I’m so pleased to say that my new novel ‘The Girl in the Pink Raincoat’ has been accepted by publishers Head of Zeus. Like my other books it’s a WW2 family saga with lots of romance, but the setting has moved from Belfast to Manchester. I’ve lived in the city for a long time and it seemed a natural step to explore the war years through the eyes of a Mancunian family – though I couldn’t resist having a Belfast woman as one of the characters.
The ebook will be available from 12 July 2018 and is already listed on Amazon to pre-order. The hardback and paperback will follow later in the year.
Here’s a quick preview of the story:
With whispers of war across Europe, many are uncertain of what the future will bring. For Gracie Earnshaw, who works in Rosenberg’s raincoat factory, life is turned upside down when she meets the boss’s charismatic nephew, Jacob. Through Jacob, with his ambitions to be a writer, Gracie glimpses another world: theatre, music and prejudice. But their secret romance is tested when war finally erupts and tragedy unfolds. Gracie struggles with heartbreak, danger and old family secrets. But, eventually, the love of her first sweetheart comes back to her in an unexpected way, giving her the strength to carry on and find happiness again.
It was a real pleasure to be with Hannah at North Manchester FM yesterday chatting about books on the ‘Hannah’s Bookshelf’ show. You can listen to our conversation by clicking the link below.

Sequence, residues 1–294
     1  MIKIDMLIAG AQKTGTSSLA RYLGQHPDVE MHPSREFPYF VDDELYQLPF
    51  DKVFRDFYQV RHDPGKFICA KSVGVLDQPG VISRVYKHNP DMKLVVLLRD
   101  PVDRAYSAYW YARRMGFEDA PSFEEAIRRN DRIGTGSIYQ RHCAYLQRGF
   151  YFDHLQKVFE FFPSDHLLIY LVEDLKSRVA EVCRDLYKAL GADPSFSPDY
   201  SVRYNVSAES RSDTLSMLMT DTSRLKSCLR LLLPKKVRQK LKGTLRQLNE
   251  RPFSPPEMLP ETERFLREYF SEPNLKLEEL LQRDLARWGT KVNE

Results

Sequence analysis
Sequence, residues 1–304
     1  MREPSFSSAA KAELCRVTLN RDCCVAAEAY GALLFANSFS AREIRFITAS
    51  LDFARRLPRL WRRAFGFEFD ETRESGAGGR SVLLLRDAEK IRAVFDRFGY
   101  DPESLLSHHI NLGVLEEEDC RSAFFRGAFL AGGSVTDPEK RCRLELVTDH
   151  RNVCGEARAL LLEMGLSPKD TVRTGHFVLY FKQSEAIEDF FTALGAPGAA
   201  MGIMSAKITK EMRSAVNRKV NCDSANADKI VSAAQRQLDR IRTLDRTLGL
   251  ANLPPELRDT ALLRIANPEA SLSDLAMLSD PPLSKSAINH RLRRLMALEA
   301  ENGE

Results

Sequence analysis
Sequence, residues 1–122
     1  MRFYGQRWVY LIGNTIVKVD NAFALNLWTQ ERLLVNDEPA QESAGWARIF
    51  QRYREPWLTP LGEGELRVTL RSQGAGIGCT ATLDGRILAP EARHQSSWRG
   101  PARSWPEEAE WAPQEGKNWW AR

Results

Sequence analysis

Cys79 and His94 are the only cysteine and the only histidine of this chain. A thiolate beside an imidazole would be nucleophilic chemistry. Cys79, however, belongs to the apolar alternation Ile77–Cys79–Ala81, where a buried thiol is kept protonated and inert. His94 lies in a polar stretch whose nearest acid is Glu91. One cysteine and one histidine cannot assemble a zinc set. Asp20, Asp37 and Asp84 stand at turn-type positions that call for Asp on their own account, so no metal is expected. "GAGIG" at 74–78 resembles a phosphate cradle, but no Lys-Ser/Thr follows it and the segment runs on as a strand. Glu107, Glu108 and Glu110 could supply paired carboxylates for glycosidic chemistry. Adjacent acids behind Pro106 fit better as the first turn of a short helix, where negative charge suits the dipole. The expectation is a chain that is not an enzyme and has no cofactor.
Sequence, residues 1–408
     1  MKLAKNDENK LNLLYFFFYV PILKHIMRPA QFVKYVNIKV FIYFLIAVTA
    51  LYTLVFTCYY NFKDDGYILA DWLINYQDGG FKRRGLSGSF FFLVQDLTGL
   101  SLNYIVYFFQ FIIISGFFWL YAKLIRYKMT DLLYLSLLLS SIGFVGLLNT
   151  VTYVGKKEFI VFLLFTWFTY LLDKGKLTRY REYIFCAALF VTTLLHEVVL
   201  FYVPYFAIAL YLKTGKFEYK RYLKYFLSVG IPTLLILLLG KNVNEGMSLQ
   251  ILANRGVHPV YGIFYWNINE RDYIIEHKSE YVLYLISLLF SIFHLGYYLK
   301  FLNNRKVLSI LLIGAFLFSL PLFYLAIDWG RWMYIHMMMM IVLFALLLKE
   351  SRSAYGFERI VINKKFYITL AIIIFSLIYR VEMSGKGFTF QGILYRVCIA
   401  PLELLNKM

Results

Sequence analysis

We talked about reading, writing, my Martha’s Girls trilogy (of course) and I got to choose three books to be added to The Library at the End of Days – a kind of apocalypse reading list. I chose The Complete Works of William Shakespeare, Jane Eyre, and Staying Alive – a brilliant poetry anthology.
On this day 100 years ago my mother Irene Goulding was born in Belfast. She and her younger sisters were the inspiration for my trilogy of novels set in N Ireland during WW2. Her first job was hand-painting linen tablecloths, but with the outbreak of war she went to work at Short Bros & Harland aircraft factory helping to build Stirling bombers. At the same time she and two younger sisters, Pat and Peggy, formed the ‘Golden Sisters’ singing in close-harmony – Belfast’s answer to the ‘Andrews Sisters’. As members of ENSA they entertained the troops and performed in concert and dance halls raising morale. Writing the books I began to see wartime life through their eyes and got to know them as young women. Sadly they’re all gone now but today I raise a glass to my mother, Irene. I’m so proud of you.